HOW I BEGAN
In 2015, I gave birth to my eldest son; I was 21 years of age, young, still naive to a lot of the workings of the world and I was figuring out life as a new mom. My son was born extremely jaundiced due to a blood incompatibility between myself and my husband. The doctors of the NICCU told me it would be detrimental to my newborn’s health to deviate from their health plan which included: keeping him in an incubator under the blue lights without skin-to-skin and no direct breastfeeding, none of which was helping to improve his health. With the help of my mother, who is an RN, I learned and exercised my patient rights. Incorporating breastfeeding and skin-to-skin time into my son's plan caused his Bilirubin levels to drop, and within a week we were discharged from the NICCU; It was in that moment that I discovered the power of breast milk and humanity in addition to science to heal our babies. This was my initiation into perinatal care. I knew I wanted to help other Black women who, like me, weren't aware of the plethora of obstacles that may come about if you’re Black while giving birth and, more importantly, help them navigate overcoming those challenges. My initial solution to this was to become a Doula; however, while completing my studies I encountered yet another way Black women were falling through the cracks: lactation. I learned the ways in which Black people are disproportionately affected by adverse health outcomes and how breastfeeding counters many of those outcomes for Black moms and infants. I learned the ways in which access to support was a barrier for my people. I learned that something as simple as breastfeeding could save 900 babies a year from dying; and I knew I needed to bring this to my community.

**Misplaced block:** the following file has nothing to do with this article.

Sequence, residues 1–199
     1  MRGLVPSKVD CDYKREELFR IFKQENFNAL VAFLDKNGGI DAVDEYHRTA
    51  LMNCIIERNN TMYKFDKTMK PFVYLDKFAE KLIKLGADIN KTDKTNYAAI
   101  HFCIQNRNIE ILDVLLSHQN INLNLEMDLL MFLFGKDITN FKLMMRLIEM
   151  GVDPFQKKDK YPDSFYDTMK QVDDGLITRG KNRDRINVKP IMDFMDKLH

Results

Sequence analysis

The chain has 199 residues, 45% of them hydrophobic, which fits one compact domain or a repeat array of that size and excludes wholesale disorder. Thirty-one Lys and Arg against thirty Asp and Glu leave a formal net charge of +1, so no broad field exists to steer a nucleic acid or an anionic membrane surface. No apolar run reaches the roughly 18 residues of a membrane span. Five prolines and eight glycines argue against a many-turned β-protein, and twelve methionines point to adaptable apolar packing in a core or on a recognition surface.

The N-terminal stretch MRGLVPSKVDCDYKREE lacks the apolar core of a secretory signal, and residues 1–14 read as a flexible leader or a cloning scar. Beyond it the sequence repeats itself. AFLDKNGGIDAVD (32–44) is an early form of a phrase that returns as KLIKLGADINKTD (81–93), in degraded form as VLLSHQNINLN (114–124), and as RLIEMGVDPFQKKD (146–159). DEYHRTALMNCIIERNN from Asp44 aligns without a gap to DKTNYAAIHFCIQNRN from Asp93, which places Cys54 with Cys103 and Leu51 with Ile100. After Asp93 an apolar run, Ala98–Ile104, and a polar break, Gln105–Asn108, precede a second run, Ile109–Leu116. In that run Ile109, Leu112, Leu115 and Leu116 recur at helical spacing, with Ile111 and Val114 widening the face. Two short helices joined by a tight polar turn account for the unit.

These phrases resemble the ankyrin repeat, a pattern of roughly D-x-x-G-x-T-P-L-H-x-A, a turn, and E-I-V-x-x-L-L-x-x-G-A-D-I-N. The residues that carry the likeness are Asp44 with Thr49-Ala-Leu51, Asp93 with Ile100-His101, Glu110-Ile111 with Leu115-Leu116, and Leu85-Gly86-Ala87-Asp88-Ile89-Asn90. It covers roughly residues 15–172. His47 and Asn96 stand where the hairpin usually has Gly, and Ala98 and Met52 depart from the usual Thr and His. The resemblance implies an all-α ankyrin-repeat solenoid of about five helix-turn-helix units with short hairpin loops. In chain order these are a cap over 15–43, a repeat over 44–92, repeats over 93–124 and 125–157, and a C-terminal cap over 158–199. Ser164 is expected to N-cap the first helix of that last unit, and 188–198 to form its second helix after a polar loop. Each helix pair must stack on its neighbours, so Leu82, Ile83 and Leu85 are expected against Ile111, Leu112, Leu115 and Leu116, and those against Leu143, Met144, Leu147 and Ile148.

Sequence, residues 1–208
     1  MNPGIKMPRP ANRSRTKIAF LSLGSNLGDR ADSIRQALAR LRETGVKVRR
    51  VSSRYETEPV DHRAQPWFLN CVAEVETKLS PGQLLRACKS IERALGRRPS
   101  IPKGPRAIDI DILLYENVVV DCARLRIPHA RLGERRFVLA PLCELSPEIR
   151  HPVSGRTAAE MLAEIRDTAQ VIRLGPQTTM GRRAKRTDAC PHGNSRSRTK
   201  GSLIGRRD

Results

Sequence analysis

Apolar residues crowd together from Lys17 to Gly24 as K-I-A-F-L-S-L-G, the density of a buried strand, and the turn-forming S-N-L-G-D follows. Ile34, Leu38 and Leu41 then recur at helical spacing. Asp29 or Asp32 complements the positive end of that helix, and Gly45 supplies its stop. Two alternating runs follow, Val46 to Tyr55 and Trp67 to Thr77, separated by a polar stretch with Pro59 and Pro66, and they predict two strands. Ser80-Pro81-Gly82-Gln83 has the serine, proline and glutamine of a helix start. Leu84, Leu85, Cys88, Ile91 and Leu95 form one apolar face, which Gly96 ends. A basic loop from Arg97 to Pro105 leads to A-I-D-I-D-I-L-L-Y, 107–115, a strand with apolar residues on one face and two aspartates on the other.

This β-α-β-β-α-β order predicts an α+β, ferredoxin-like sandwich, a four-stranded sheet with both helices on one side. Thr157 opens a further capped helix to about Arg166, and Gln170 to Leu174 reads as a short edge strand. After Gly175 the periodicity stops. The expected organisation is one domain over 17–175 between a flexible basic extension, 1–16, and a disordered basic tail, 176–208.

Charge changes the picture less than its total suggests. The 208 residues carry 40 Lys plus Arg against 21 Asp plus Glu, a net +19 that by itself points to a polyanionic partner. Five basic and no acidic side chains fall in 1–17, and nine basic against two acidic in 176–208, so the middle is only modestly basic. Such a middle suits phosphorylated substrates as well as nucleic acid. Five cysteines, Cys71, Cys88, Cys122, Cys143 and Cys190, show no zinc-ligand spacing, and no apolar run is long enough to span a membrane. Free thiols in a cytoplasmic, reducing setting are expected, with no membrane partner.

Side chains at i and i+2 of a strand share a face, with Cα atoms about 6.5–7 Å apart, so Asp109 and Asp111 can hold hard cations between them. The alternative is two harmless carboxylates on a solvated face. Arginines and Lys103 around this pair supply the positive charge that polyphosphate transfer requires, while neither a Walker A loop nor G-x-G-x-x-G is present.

My experience gives me greater insight to guide, support and assist you and your family in achieving the outcomes you desire; I aim to gain your trust and work together in order to develop a customized plan that is both effective and fits your lifestyle.